The Etaples Military Cemetery situated to the north of the camp contains 10,771 Commonwealth burials from the First World War, including 465 Australians, of which nine men are from the 22nd Battalion, all of whom died of their wounds. The large number of burials here (Etaples is the largest CWGC cemetery in France) is a consequence of the many military hospitals located in this area where men died of illness or, as with the aforementioned of the 22nd Battalion, from their wounds.

Le Havre

Rouelles CampLe Havre is situated in the Upper Normandy region of north-western France on the right bank of the estuary of the river Seine, and today is France’s second largest port after Marseille. During the First World War Le Havre was one of the ports used to disembark the British Expeditionary Force in August 1914, and with the exception of a short period of time during the German advance of 1914 it remained No.1 Base Depot throughout the war. By the end of 1917 it contained three General Hospitals, two Stationary Hospitals and four convalescent depots. During the war it is estimated that 1.9 million British soldiers passed through Le Havre.

Rouelles convalescent depotThe Australian Division Base Depots (photograph above), and then replaced by the Infantry Base Depot were located at Harfleur (Rouelles) from June 1917 until the end of the war. In the St.Marie Cemetery in Le Havre there are 138 Australians buried.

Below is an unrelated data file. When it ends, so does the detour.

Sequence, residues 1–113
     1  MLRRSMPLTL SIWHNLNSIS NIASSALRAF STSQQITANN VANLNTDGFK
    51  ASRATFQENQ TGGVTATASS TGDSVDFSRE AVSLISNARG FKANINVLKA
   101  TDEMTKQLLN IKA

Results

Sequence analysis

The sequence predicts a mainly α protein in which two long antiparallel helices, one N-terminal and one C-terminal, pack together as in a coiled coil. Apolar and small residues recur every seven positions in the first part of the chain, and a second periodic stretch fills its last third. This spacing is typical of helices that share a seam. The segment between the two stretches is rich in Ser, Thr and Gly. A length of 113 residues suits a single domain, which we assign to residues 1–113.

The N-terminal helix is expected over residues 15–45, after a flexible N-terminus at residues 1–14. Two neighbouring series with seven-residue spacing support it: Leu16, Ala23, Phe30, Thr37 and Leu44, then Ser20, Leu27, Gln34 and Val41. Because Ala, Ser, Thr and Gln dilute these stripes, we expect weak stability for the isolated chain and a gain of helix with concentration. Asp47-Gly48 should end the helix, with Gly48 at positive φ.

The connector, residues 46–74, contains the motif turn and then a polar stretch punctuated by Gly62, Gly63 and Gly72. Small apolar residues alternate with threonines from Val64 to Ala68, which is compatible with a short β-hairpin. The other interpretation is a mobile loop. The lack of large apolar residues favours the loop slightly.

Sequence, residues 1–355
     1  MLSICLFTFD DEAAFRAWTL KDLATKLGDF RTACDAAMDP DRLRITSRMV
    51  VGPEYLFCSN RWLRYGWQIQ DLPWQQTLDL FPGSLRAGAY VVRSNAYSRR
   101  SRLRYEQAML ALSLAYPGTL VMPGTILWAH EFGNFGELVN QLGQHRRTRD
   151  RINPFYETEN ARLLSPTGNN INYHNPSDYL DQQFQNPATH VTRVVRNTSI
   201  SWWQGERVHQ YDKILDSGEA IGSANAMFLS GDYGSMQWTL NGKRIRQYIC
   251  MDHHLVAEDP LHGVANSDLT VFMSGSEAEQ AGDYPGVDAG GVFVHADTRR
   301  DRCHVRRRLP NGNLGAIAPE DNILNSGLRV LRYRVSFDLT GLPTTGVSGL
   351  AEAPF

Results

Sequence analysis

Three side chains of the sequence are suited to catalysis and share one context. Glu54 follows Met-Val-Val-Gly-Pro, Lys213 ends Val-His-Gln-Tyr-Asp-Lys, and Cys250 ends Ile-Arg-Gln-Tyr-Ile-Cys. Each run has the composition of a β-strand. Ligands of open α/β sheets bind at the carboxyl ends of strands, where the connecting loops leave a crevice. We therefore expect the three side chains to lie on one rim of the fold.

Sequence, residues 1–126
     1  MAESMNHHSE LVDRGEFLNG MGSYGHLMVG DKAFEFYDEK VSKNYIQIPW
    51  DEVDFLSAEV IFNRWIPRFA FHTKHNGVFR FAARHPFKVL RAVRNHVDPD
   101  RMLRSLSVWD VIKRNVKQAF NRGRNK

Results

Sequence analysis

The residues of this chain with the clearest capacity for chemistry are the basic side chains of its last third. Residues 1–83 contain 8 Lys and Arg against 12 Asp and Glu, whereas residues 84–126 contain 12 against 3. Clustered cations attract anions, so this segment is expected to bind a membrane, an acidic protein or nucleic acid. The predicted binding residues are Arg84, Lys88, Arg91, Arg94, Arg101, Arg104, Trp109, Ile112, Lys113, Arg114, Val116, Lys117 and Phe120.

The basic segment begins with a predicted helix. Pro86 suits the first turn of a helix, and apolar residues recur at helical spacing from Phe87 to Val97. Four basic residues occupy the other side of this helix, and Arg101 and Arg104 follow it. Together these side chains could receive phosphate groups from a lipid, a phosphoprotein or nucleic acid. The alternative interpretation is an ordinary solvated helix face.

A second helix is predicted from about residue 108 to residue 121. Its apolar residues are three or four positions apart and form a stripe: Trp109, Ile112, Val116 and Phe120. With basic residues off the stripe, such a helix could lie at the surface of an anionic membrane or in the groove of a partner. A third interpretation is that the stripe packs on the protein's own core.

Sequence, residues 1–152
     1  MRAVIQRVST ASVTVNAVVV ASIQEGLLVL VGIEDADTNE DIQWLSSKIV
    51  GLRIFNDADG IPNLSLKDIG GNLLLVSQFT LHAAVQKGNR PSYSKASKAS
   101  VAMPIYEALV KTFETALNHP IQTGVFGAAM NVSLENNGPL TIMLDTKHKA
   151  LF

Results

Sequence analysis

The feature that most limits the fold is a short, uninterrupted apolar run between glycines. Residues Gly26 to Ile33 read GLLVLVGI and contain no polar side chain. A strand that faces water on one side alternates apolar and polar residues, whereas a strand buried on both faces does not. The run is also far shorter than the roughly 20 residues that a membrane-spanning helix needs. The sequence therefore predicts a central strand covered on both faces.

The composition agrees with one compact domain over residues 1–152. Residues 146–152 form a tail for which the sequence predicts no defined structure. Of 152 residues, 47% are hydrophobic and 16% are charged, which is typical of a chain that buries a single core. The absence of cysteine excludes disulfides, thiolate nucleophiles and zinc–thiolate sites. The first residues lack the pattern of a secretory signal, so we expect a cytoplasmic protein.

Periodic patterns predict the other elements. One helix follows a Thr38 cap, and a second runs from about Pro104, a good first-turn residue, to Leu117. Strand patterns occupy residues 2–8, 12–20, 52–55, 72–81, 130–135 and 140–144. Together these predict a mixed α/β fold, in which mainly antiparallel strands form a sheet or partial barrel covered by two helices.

In March 1918 the creation of the 1st Australian Convalescent Depot was authorised by the AIF, and was ready to take in patients discharged from hospitals or medical units from the 18th April. The sites allocated for the depot at Rouelles were camps 22 and 23 previously occupied by the 1st & 2nd ADBD’s but since amalgamated into the AIBD (map left). To aid in the men’s recuperation the site included a YMCA, and gymnasium, with regular sports matches and activities. From the Convalescent Depot the men were selected either for return to their unit via the AIBD, or for return to Australia via England for medical discharge.